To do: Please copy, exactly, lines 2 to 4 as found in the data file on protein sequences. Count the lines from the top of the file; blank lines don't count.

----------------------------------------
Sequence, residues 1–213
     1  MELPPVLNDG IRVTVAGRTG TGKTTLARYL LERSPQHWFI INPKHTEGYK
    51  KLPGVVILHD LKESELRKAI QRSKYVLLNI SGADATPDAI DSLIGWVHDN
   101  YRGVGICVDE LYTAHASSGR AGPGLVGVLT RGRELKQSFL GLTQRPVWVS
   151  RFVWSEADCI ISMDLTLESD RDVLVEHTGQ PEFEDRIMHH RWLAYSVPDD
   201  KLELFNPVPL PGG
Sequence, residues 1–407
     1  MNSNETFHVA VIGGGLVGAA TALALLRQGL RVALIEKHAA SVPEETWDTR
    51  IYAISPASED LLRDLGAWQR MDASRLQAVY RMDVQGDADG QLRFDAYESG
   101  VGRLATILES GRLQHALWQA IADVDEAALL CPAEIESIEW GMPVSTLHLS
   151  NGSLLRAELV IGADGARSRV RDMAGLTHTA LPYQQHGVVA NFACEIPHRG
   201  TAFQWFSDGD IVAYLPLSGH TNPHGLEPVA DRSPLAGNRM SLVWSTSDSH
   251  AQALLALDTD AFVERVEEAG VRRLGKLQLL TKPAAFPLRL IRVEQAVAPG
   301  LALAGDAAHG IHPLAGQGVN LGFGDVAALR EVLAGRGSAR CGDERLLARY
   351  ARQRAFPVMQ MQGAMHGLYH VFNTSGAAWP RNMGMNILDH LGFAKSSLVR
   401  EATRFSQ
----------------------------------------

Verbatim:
     1  MELPPVLNDG IRVTVAGRTG TGKTTLARYL LERSPQHWFI INPKHTEGYK
    51  KLPGVVILHD LKESELRKAI QRSKYVLLNI SGADATPDAI DSLIGWVHDN
   101  YRGVGICVDE LYTAHASSGR AGPGLVGVLT RGRELKQSFL GLTQRPVWVS